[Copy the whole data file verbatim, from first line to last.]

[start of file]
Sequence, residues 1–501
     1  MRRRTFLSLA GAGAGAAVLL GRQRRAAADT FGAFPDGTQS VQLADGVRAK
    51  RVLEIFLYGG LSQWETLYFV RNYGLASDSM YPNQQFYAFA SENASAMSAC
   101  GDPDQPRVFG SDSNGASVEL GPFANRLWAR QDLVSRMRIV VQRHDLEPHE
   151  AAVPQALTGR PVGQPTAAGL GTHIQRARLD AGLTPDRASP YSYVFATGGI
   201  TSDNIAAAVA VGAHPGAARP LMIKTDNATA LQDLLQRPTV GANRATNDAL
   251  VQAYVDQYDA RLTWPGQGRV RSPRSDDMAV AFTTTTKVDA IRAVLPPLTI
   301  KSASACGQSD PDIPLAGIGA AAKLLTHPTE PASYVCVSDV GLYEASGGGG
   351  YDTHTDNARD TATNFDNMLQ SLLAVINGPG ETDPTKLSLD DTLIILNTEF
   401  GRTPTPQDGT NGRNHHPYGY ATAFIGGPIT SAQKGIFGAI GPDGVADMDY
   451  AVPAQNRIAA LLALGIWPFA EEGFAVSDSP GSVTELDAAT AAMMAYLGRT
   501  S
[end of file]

Sequence, residues 1–501
     1  MRRRTFLSLA GAGAGAAVLL GRQRRAAADT FGAFPDGTQS VQLADGVRAK
    51  RVLEIFLYGG LSQWETLYFV RNYGLASDSM YPNQQFYAFA SENASAMSAC
   101  GDPDQPRVFG SDSNGASVEL GPFANRLWAR QDLVSRMRIV VQRHDLEPHE
   151  AAVPQALTGR PVGQPTAAGL GTHIQRARLD AGLTPDRASP YSYVFATGGI
   201  TSDNIAAAVA VGAHPGAARP LMIKTDNATA LQDLLQRPTV GANRATNDAL
   251  VQAYVDQYDA RLTWPGQGRV RSPRSDDMAV AFTTTTKVDA IRAVLPPLTI
   301  KSASACGQSD PDIPLAGIGA AAKLLTHPTE PASYVCVSDV GLYEASGGGG
   351  YDTHTDNARD TATNFDNMLQ SLLAVINGPG ETDPTKLSLD DTLIILNTEF
   401  GRTPTPQDGT NGRNHHPYGY ATAFIGGPIT SAQKGIFGAI GPDGVADMDY
   451  AVPAQNRIAA LLALGIWPFA EEGFAVSDSP GSVTELDAAT AAMMAYLGRT
   501  S